Informa increased their US winter wheat production estimate to 1.481 billion bushels on Friday, compared to the USDA's May estimate of 1.458 billion.
That's up 15 million bushels from Informa's last estimate a month ago, and 64 million bushels above their April forecast.
Much will surely hinge on yields in Kansas where the winter wheat harvest is expected to start any day now. Further south in Texas and Oklahoma the harvest is in full swing. Early reports from these states seem to be suggesting decent test weights and yields, but proteins are a bit disappointing.
There has been plenty of talk of heavy infestations of stripe rust springing up the US's top producing wheat state. "Kansas wheat has succumbed to disease deteriorating rapidly in the past 2-3 weeks. Stripe rust has been the main culprit. Infestations are so bad that wheat breeders are throwing out 40-60% of their breeding stock," say Martell Crop Projections.
"Rainy May weather should have been a yield booster but instead promoted rapidly spreading fungus disease," they say.
Meanwhile winter wheat in the Pacific Northwest is also becoming infested with disease. "Conditions have been persistently rainy and cool this spring. Like Kansas, generous rains were beneficial to begin with, boosting wheat in the jointing stage. With spreading disease, poor-very poor wheat increased to 14% of Washington wheat, up from only 5% May 1," they point out.
Spring wheat potential is "excellent" at the moment however with topsoil moisture "much better than normal" they add.
Over the border in Canada however it has been a very wet spring with major flooding potentially meaning that more than a million acres might go unplanted in Saskatchewan, according to the Canadian Wheat Board. Crop insurance deadlines here are June 15-20, depending on the area and crop.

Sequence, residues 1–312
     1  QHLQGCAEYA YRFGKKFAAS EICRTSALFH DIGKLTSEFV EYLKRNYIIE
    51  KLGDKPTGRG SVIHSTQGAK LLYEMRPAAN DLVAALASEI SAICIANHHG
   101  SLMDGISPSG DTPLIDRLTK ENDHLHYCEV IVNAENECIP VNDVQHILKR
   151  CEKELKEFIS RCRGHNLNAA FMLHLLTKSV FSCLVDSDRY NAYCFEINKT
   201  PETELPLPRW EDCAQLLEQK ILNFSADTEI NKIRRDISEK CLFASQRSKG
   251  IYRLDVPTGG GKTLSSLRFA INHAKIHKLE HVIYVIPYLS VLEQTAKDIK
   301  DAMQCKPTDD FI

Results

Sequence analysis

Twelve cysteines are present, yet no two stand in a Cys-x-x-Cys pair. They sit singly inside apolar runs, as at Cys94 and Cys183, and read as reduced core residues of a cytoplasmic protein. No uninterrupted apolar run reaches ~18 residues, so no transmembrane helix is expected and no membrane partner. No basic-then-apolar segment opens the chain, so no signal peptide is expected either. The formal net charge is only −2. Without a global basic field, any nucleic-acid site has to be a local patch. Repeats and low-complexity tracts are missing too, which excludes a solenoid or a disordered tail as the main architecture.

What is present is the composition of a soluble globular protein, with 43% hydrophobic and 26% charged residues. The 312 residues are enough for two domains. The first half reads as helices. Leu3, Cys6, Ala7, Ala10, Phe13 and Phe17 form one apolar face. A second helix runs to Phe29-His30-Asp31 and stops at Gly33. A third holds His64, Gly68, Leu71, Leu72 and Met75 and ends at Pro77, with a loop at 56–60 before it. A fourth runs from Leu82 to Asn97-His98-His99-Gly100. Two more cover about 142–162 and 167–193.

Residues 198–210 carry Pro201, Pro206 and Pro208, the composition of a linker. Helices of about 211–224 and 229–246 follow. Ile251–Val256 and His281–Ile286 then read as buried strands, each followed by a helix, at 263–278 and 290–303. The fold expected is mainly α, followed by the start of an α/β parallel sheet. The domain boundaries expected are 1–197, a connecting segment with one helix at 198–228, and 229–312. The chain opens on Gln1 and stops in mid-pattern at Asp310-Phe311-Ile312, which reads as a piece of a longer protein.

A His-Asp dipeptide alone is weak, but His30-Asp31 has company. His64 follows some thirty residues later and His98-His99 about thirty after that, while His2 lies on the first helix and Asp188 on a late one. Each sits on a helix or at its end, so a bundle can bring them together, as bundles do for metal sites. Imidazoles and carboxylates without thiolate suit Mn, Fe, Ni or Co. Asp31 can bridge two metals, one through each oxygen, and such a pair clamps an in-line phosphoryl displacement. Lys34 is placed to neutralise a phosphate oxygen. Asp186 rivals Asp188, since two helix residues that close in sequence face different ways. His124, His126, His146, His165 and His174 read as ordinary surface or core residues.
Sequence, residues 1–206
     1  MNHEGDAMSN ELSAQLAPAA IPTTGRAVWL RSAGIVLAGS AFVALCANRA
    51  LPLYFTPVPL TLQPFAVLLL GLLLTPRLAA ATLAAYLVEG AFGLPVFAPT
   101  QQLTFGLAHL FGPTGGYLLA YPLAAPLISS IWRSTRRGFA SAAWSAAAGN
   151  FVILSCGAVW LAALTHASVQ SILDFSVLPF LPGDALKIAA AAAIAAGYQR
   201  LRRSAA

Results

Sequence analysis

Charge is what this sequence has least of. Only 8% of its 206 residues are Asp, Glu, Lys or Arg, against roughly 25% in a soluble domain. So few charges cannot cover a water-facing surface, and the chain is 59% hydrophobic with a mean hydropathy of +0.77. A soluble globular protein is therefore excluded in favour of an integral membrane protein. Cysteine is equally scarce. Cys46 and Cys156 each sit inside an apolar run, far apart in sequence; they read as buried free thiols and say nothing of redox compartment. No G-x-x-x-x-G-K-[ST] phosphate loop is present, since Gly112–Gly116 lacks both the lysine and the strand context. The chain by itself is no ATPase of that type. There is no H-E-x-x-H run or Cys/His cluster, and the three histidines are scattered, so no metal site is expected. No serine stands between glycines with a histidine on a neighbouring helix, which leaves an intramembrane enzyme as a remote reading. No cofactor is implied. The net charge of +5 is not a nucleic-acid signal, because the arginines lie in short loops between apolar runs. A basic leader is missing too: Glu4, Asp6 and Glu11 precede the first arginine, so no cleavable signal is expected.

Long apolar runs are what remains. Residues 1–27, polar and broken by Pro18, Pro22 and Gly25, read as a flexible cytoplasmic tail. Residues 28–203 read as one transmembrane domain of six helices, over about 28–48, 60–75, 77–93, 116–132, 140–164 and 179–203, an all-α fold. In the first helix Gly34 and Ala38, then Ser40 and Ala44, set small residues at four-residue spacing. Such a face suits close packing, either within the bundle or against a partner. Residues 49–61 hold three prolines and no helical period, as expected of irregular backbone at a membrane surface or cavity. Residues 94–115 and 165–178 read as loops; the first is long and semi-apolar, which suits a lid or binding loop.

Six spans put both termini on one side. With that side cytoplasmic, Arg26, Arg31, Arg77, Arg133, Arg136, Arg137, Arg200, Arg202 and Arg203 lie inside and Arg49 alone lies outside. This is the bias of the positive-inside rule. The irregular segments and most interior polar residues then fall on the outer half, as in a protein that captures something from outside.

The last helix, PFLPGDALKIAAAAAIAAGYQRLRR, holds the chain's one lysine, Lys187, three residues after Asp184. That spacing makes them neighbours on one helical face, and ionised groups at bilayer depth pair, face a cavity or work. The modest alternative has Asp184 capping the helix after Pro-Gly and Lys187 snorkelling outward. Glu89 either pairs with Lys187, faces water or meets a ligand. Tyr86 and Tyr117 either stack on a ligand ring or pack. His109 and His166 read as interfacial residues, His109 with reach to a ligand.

Things are particularly bad in Saskatchewan, which produces more than half of the nation's wheat crop.
Here, only fifty-nine percent of the wheat crop is in the ground, according to Saskatchewan Agriculture's Weekly Crop Report. That's an increase of only four percentage points from the previous week, indicating just how slow progress is becoming. The five-year average for this time of year is 86 percent complete. Planting is worst affected in the northeast (44 percent complete) and in east-central Saskatchewan (42%). Cropland topsoil moisture conditions here are reported as 94 and 84 percent surplus, respectively.
Eighty percent of spring cereals and oilseeds are behind normal in development, they add. In the northeast region only 13% of spring wheat is rated good/excellent. Planting progress here only managed to advance one percentage point from the previous week's report last week due to soils being saturated and unable to support heavy equipment.
July soybeans closed at USD9.35, down 20 cents; July soybean meal closed at USD277.20, down USD6.80; July soybean oil closed at 36.78, down 88 cents. Export sales were dismal at 148,142 MT, with no sign of China. Reports suggest that their recent heavy import program is causing severe congestion at some Chinese ports, leading to orders being cancelled or rolled forward. Actual shipments this week were only 149,100 MT, although export business is still running ahead of last year by 6.97 MMT. The firm dollar and weak crude oil market spurred the anticipated surge in pre-weekend selling.
July corn closed at USD3.40, down 9 1/2 cents; Dec corn closed at USD3.59 1/2, up 10 3/4 cents. Export sales were only 313,047 MT for both marketing years against expectations of around 1 MMT. The recent interest from China seems to have disappeared as quickly as it arrived, at least for now. Early growing conditions in teh US look pretty ideal with warm and wet the order of the day. The USDA will report on plantings and crop conditions Monday night. Just about all the crop is expected to have been planted now, and conditions may have improved even further after last week's 5 percentage point leap pegged 76% of the crop rated good/excellent.
July CBOT wheat closed at USD4.35 3/4, down 6 cents; July KCBT wheat closed at USD4.65, down 6 1/2 cents; July MGEX wheat closed at USD4.92 3/4, down 5 cents. Wheat set fresh contract lows today, with July CBOT wheat slumping to the lowest price for a front-month contract since last September. Export sales were a bit below expectations at 241,076 MT with old crop wheat sales coming in negative at -53,200 MT for the last week of the 2009/10 marketing year. The harvest is in full swing in the Southern Plains and likely to move into the top producing state of Kansas any day now, so we will soon know what effect stripe rust might have had on yields.